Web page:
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Who Are The Proud Boys?03:41
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A man with the Proud Boys, a right-wing pro-Trump group, carries a club as the group gathers in a rally in Portland, Oregon, on Sept. 26, 2020. (John Rudoff/Anadolu Agency via Getty Images)
A man with the Proud Boys, a right-wing pro-Trump group, carries a club as the group gathers in a rally in Portland, Oregon, on Sept. 26, 2020. (John Rudoff/Anadolu Agency via Getty Images)

In Tuesday night's presidential debate, President Trump declined to condemn white supremacists when asked if he would. Instead, he prompted the Proud Boys, a far-right group, to "stand back and stand by."

Afterward, Proud Boys organizer Joe Biggs had an exchange with Enrique Tarrio, chair of the Proud Boys, on the conservative social media platform Parler, according to Mike Baker of The New York Times.

"Trump basically said to go f*** them up! this makes me so happy," Biggs wrote.

Tarrio then posted seemingly in response to the president, commenting “standing by sir.”

Tarrio and Biggs are both prominent leaders in the Proud Boys infrastructure. Founded in 2016, the “western chauvinists” organization — widely condemned as a hate group — has local chapters across the county. Members, normally decorated in logos and donning weapons, have been known to become violent at rallies or protests.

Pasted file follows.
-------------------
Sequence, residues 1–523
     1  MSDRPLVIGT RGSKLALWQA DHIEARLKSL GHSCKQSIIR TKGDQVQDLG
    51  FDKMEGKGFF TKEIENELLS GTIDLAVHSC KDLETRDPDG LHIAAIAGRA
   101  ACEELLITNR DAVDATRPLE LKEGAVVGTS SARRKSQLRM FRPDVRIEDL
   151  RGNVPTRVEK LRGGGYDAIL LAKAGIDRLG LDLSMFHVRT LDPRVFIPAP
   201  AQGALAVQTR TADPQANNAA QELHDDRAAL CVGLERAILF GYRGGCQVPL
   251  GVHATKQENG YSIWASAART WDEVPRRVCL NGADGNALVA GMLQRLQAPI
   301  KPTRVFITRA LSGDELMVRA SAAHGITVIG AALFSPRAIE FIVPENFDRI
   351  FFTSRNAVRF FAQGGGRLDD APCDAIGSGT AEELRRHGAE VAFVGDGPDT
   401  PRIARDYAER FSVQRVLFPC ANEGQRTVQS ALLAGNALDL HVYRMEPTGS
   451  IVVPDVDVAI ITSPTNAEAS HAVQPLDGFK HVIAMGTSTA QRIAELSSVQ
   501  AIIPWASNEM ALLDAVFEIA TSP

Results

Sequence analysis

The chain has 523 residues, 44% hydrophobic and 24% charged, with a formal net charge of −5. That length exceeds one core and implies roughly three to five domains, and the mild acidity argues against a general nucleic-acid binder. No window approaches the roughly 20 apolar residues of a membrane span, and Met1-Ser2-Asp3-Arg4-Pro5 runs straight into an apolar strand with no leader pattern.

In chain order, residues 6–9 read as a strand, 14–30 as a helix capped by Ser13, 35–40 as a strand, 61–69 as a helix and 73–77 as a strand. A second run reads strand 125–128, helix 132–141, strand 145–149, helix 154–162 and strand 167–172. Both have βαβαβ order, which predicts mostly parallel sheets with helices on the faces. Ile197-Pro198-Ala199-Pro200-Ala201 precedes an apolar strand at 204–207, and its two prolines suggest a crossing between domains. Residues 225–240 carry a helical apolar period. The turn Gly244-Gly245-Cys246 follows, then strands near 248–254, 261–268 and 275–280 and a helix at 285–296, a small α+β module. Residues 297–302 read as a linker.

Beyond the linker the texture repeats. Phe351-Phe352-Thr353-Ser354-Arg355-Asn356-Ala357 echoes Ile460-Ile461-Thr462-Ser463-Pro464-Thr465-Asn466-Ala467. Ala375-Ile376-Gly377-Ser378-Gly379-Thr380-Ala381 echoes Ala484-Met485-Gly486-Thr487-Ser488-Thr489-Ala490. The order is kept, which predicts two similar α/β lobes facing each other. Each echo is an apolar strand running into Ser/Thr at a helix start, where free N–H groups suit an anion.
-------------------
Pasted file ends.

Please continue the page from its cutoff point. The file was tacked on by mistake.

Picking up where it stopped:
While they don’t claim to be white supremacists, they use their organization as a gateway to engage in violent acts in defense of Western culture. Their agenda focuses on anti-political correctness and anti-white guilt, the Southern Poverty Law Center says.

They have a set of rules for gaining and sustaining membership that includes restrictions on certain drugs and clothing choices, such as cargo shorts and flip flops, plus a masturbation policy, the Daily Beast reports. A former hazing ritual used to include getting punched while reciting breakfast cereal brand names.

What the Proud Boys explicitly stand for is hard to pin down, says Elle Reeve, a CNN journalist who has reported on the group. They claim not to be part of the alt-right movement.

“It's one of the many groups of the Trump era that is influenced by the culture of the internet,” she says. “So there's a lot of irony and there's a big gap between the superficial meaning of the things they say and the implied meaning.”

Their strategy is to keep critics on the defensive, she says, by trying to suggest reverse racism exists, for example.

Armed and ready for a brawl, Proud Boys “intentionally are projecting this kind of authoritarian image,” she says. “And I think that's quite unsettling.”

Reeve has had many conversations with members, especially while clashes unfolded in Portland, Oregon, involving Proud Boy members. After the debate Tuesday night, Reeve spoke with Tarrio about the president’s comments.

“He said his phone was blowing up,” Reeves says. “He said that he welcomed Trump's mention and that he was proud of his group for getting it, but that he didn't see it as an endorsement.”

But Tarrio mentioned that he believed Trump’s message to “stand back and stand by” was an order to let the police do their job, she says.

Tarrio often says his message with a wink, Reeves says, so it’s difficult to nail down exactly what actions the group will take.

“There have been many Proud Boys who have gotten in legal trouble for getting in fights with anti-fascists. So they might say that they don't want to engage in that,” she says. “I think we'll see ahead of the election what actually happens.”


Ciku Theuri produced and edited this interview for broadcast with Tinku RaySerena McMahon adapted it for the web.

This segment aired on September 30, 2020.

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